North American emergencies: The use of emergency powers in Canada and the United States

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Abstract

Although the United States and Canada have had quite different constitutional frameworks, their uses of emergency powers through most of the nineteenth and twentieth centuries were very similar. In the nineteenth century, national troops were used to put down local rebellions in both countries, often at the request of local governors. With World War I, however, both moved to a statute-based system of regulating emergencies. In Canada, the War Powers Act provided broad delegations of power from the parliament to the executive. In the U.S., delegations were also broad, but accomplished through a series of smaller statutes. These frameworks lasted until abuses of emergency powers were exposed in both countries in the 1970s. And there the parallel history ended. Canada adopted a comprehensive constitutional revision that brought all emergency powers within constitutional understandings. The U.S., on the other hand, continued its use of statutory patches to regulate the relationship between the executive and legislature in times of crisis. As a result, the reactions of the two countries to the events of 9/11 were quite different. Canada responded with a moderate use of exceptional powers, while the US plunged into more extreme uses of emergency powers.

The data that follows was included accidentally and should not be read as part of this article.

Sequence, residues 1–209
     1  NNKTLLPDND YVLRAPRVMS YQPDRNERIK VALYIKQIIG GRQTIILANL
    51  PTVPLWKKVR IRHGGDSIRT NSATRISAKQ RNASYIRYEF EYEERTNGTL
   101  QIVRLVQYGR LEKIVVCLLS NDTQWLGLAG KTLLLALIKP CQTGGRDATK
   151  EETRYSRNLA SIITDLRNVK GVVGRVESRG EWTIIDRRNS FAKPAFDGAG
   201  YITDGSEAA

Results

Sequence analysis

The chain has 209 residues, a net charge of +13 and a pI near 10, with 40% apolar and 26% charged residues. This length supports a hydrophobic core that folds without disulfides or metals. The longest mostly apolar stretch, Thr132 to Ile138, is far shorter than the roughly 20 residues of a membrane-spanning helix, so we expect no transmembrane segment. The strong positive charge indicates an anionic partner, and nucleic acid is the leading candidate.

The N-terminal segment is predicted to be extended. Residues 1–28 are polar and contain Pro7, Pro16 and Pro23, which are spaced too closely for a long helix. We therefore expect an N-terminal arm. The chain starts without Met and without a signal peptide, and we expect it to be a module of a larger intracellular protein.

Original languageEnglish (US)
Pages (from-to)213-243
Number of pages31
JournalInternational Journal of Constitutional Law
Volume4
Issue number2
DOIs
StatePublished - Apr 2006

All Science Journal Classification (ASJC) codes

  • Law

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